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Rabideau: Village likely won’t back rail grant

Railroad proponents, opponents continue corridor feud

March 26, 2013
By CHRIS KNIGHT - Senior Staff Writer (cknight@adirondackdailyenterprise.co) , Adirondack Daily Enterprise

SARANAC LAKE - Village Mayor Clyde Rabideau said Monday that he doubts the village Board of Trustees will endorse the Adirondack Railway Preservation Society's application for a $15.2 million federal grant to rehabilitate the railroad tracks between Big Moose and Saranac Lake.

"I have not heard support at this point," Rabideau told the Enterprise after Monday night's village board meeting.

His comments followed a presentation by ARPS board President Al Dunham, who asked the board to approve a resolution supporting the application by ARPS and the Adirondack North Country Association through the federal Strategic Transportation Enhancement Plan. The $15.2 million would be used to upgrade rails, ties and the ballast on a 68-mile stretch of track, Dunham said.

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Saranac Lake Mayor Clyde Rabideau

"It would get it up to Class II, which then gives trains the opportunity to run at 30 to 35 miles an hour," Dunham said. "That gives us ample travel corridor to use excursion trains, scenic trains, special event trains and trains that would have people on board, say from the Wild Center teaching nature down through the corridor."

While the grant application doesn't include any plans for a trail alongside the rail corridor, Dunham said his group's business plan calls for rails with trails. Once the tracks are rehabilitated, he said trains could be used to provide skiers, hikers and cross-country skiers access to spur trails located off the corridor.

"It would have been ideal if we had a partner that would have come in for some trail plans; we would have put the grant in for maybe $30 million," Dunham said. "But we only had about 10 days to do this, and nobody offered to come in with us. We found out about this grant in the middle of February."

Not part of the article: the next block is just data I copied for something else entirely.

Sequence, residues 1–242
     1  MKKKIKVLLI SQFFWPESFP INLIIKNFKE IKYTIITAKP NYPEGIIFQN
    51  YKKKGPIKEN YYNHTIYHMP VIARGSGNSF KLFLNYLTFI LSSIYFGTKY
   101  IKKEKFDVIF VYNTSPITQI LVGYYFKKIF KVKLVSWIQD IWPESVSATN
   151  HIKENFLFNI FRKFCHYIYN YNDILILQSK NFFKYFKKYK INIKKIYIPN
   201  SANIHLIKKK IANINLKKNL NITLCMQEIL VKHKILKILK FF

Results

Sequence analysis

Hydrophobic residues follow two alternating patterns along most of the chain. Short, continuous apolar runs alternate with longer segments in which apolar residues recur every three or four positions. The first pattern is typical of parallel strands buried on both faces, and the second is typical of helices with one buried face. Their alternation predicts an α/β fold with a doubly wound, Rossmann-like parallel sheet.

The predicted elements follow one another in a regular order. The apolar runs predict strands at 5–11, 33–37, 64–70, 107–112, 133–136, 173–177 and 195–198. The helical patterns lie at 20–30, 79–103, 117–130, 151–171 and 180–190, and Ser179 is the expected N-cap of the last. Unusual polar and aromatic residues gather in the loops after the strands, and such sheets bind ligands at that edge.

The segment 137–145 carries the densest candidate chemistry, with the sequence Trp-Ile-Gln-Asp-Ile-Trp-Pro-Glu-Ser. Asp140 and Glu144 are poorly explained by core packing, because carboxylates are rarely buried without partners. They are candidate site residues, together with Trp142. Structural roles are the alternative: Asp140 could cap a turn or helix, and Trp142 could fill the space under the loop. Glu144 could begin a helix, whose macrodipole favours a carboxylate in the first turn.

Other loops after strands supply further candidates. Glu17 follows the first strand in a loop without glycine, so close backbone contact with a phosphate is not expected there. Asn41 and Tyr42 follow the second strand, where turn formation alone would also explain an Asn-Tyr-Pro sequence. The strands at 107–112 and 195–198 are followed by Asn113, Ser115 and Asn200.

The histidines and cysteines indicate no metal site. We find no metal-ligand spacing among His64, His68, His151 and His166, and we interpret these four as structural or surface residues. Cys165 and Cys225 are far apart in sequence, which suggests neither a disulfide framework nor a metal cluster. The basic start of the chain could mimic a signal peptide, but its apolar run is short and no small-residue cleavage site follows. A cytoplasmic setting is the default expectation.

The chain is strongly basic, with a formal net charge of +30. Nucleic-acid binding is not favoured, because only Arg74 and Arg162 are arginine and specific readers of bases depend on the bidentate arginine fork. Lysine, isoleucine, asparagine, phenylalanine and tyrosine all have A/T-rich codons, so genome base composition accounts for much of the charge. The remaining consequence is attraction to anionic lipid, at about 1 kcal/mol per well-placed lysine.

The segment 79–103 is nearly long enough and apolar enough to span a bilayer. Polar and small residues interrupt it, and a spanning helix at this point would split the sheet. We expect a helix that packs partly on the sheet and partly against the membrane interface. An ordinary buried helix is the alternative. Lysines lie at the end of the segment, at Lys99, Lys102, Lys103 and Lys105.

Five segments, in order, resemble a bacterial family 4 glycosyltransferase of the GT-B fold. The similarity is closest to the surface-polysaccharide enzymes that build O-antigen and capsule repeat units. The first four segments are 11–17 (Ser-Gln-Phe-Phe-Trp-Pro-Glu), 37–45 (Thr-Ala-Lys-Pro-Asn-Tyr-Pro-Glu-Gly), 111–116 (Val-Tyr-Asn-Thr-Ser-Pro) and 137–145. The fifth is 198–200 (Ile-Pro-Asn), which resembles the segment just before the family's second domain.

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Dunham said ARPS has so far received roughly 20 letters of support for the grant application from other local governments and organizations.

Shortly after Dunham's presentation, representatives of Adirondack Recreational Trail Advocates spoke up and urged the board not to endorse the grant application. They cited the resolutions passed by five municipalities, including Saranac Lake's village board, that call on the state to reopen the unit management plan for the Remsen-Lake Placid Travel Corridor.

"This is a ploy on behalf of ANCA and the railroad buffs to basically subvert the very democratic process under the unit management plan that would allow all interested parties on both sides of this debate to finally be heard in a fair setting," said ARTA President Joe Mercurio. "If they can get (the $15.2 million), basically what's going to happen is, they're going to shut down the UMP process altogether. If they get those tracks in place, no one in their right mind would rip them up, and that will be the end of the possibility of anybody being heard."

"This rail experiment has been going on for close to 15 years," said Saranac Lake resident Rich Shapiro. "It's supposed to be self-sufficient, not using taxpayer money, yet on and on it goes, getting taxpayer money to maintain the rails.

"The grant they're applying for is not for a rail-with-trail program. The trails outlined here are not through travel trails; they're spurs that go off. It will not enable people to go from Saranac Lake to Tupper Lake to Thendara, et cetera, which is really where the money will come in from a tourist standpoint."

Trustees asked a few questions but made no decision on supporting the grant application Monday night.

Rabideau said he could "lean" in favor of it if the $15.2 million was for restoring rail service between Tupper Lake and Saranac Lake and was for both rails and trails, but that's not what's being proposed. As it stands, Rabideau said he thinks "the odds are long" that ARPS and ANCA would get the $15.2 million.

"I just don't think the federal government throws around $15 million willy-nilly on a proposal that was developed practically overnight, as was stated by the presenter here," the mayor said after the meeting. "I really do believe the UMP will speak for the voice of the people once it's all said and done. Then we should go apply for the appropriate grants based upon the direction given during the UMP process."

 
 

 

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